I don’t know if I’m just more in-tune to it lately, or if there really has been a surge in the popularity of granny squares these last few weeks, but ever since I started work on Eamonn’s blanket, I’m seeing them all over the place. I had intended to show you this new blanket when it was finished, and then maybe give you a little overview of how it was done, but given this possible Granny Square Fever, I’m thinking that you might be in the mood to crochet along with me. Right This Very Minute. What do you think?
I’m currently on the third column of what I plan to be a 10-row, 8-column blanket (I was on column two last weekend when I took these photos). That’s eighty squares in all, resulting in a roughly 5′ x 4′ lap blanket. It’s a little big for a lap blanket, but Eamonn wanted it to be large enough that he could sleep under it sometimes.
Today, I will talk a little bit about color choices, how to make a granny square, and how I’m assembling the squares.
Once the squares portion is done, I’ll come back with part two and show you how I am doing the border, and any other finishing touches that seem important. Look for that in a month or two!
You don’t need a whole lot of crochet skills to pull this off. If you can:
- make a slip knot
- slip stitch
then you can do this. And if you can’t do those things, there are many books out there than can help, as well as YouTube videos, and some great online classes. I had a nice experience taking Linda’s Crafty Crochet Embellishments class.
Materials and Tools
- yarn (roughly 3000 yards)
- tapestry needle
For yarn, I chose Berroco Vintage. I wanted something inexpensive (but not cheap) and washable. I’ve used this yarn before, I know it feels nice and holds up well, plus I had plenty of colors in my stash already, so it was kind of a no-brainer.
I’m using a G hook (one of the ones I made). With this yarn, it results in a nice, drapey fabric.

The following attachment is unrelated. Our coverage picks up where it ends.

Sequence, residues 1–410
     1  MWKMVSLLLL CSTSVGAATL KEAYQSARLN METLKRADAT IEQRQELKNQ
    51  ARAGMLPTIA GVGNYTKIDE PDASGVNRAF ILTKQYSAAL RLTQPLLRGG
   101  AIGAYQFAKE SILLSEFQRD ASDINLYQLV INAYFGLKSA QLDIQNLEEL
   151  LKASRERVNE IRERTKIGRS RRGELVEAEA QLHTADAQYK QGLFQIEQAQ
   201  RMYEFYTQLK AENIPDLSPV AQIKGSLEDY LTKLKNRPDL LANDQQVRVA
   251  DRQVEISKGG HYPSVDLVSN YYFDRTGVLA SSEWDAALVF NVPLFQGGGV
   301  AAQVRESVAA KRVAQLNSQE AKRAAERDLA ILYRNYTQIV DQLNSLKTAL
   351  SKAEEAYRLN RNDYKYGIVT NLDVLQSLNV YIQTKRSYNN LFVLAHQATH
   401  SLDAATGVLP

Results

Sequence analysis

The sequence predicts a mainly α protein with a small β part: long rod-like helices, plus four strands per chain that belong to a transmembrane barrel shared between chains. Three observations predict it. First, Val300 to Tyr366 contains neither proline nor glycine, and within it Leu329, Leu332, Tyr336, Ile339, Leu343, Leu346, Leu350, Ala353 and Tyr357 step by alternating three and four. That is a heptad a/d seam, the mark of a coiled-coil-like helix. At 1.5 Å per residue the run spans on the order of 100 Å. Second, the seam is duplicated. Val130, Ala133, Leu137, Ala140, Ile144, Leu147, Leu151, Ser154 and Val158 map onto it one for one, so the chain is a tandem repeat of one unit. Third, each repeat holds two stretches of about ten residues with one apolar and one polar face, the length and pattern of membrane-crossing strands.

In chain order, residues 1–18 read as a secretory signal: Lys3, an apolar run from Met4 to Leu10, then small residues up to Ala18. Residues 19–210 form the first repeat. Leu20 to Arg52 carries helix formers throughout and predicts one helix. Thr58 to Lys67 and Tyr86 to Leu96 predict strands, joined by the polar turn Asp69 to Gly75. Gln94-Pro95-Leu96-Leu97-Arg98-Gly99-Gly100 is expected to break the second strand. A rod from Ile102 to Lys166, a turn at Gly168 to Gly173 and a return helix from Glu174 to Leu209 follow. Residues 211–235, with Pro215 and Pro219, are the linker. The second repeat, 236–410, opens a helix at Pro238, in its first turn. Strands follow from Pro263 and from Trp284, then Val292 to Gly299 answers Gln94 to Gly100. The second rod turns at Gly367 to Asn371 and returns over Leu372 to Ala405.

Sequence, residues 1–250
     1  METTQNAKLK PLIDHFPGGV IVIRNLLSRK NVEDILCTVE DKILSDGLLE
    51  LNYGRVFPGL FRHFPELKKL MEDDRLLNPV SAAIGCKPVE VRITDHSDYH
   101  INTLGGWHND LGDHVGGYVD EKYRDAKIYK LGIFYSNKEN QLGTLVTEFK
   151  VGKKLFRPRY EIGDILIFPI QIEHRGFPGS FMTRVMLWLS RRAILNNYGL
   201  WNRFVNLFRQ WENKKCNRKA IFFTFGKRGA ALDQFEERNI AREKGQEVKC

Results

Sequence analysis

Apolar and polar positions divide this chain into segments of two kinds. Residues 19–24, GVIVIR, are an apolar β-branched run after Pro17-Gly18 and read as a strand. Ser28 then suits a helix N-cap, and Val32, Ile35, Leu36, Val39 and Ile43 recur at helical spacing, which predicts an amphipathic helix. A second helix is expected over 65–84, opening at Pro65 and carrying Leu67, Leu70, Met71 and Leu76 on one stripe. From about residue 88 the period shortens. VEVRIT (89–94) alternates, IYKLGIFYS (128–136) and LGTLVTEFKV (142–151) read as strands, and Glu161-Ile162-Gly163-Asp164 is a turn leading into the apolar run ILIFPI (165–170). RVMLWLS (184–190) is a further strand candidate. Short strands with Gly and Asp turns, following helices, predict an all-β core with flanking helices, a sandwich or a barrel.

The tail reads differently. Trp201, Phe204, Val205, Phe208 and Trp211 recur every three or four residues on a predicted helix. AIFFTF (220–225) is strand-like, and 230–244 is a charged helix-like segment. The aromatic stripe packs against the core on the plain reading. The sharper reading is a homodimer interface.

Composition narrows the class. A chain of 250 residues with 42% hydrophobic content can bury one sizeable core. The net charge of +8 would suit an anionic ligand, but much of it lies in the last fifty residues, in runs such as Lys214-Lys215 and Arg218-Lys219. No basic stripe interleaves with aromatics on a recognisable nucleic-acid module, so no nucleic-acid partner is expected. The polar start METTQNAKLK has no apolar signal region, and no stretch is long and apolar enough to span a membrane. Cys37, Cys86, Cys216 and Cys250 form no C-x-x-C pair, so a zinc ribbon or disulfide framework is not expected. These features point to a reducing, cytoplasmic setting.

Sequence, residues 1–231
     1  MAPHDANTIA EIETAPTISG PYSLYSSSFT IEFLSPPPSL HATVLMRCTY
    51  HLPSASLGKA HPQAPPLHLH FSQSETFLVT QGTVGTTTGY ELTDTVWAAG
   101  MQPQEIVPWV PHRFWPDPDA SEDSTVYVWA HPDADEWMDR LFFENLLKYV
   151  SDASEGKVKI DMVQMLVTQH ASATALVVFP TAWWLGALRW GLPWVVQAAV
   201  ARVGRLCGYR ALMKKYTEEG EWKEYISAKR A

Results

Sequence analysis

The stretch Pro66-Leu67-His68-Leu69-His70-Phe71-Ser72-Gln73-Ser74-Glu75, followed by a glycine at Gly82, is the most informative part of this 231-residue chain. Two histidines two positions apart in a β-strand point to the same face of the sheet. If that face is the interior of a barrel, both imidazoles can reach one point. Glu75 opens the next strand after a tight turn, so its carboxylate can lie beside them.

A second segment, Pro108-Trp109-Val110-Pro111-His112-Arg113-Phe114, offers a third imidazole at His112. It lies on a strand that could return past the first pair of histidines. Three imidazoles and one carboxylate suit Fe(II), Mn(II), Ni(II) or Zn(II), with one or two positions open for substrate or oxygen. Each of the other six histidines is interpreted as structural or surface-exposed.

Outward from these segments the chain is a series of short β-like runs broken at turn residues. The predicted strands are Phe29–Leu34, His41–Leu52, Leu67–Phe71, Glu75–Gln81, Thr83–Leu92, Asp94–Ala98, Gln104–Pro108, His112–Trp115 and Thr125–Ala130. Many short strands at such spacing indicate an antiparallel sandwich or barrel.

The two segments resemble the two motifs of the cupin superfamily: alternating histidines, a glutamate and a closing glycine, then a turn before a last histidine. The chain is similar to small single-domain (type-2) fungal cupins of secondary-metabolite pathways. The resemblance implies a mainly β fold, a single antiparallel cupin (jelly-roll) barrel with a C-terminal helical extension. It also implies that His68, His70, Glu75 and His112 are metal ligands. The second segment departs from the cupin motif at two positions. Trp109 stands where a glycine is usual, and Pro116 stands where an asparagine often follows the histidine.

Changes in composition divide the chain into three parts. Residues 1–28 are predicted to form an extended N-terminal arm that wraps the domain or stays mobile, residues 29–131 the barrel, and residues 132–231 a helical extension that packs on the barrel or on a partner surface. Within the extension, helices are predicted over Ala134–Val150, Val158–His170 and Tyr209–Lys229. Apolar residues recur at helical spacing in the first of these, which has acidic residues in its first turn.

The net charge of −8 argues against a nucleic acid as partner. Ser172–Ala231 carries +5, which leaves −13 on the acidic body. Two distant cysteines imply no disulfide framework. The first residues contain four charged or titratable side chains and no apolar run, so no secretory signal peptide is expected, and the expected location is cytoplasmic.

What makes this blanket different than a generic stash-busting granny-square blanket is that I have been very purposeful with my color choices. Any time I am arranging a collection of squares like this, I want them to look random without actually being random.
I started by asking Eamonn what color family he wanted for the blanket. He chose bluish greens. (Like mother like son [and brother] I guess!) I chose a nice little pile of aqua-adjacent colors to buy, and supplemented with some blues and greens from my stash. We’ll call these the Main Colors (MC).
Then (and here is what I think is the key to making this blanket interesting), I picked out a couple of golds and a red. I also supplemented with some golds and browns from my stash. These colors are roughly opposite the blues and greens on the color wheel, making them complementary colors. Their job is to add visual interest, but in a very controlled way. We’ll call these the Accent Colors (AC).
Each square is built like so: three rounds of MC1, one round of AC, one round of MC2, one round of MC3. Any of the available MC’s can been chosen to be MC1, MC2, or MC3, and the same goes for the available AC’s. The only restriction is that the colors chosen for the current square can’t have been used in any of the adjacent squares on the blanket. This last rule isn’t always possible to follow, but I have been giving it my best shot.
Essentially, each square has a large blue-green center, followed by a gold-red stripe, and two blue-green stripes.
[If you wanted to make a blanket in another MC family, say purple, just follow the same rules, using all purpley-pink colors for the centers and two outer stripes, and then look across the color wheel for the ACs, in this case yellowy-greens.]
Making a Granny Square
This is how I make them. If my efforts of reverse-engineering her collection are any indication, this is also how my grandmother made them. (If you need to see it demonstrated, these YouTube videos by bethintx1 might help you, as they did me, when I was learning.)
MC1: make a slip knot and ch 4. Sl st into the first chain, making a ring.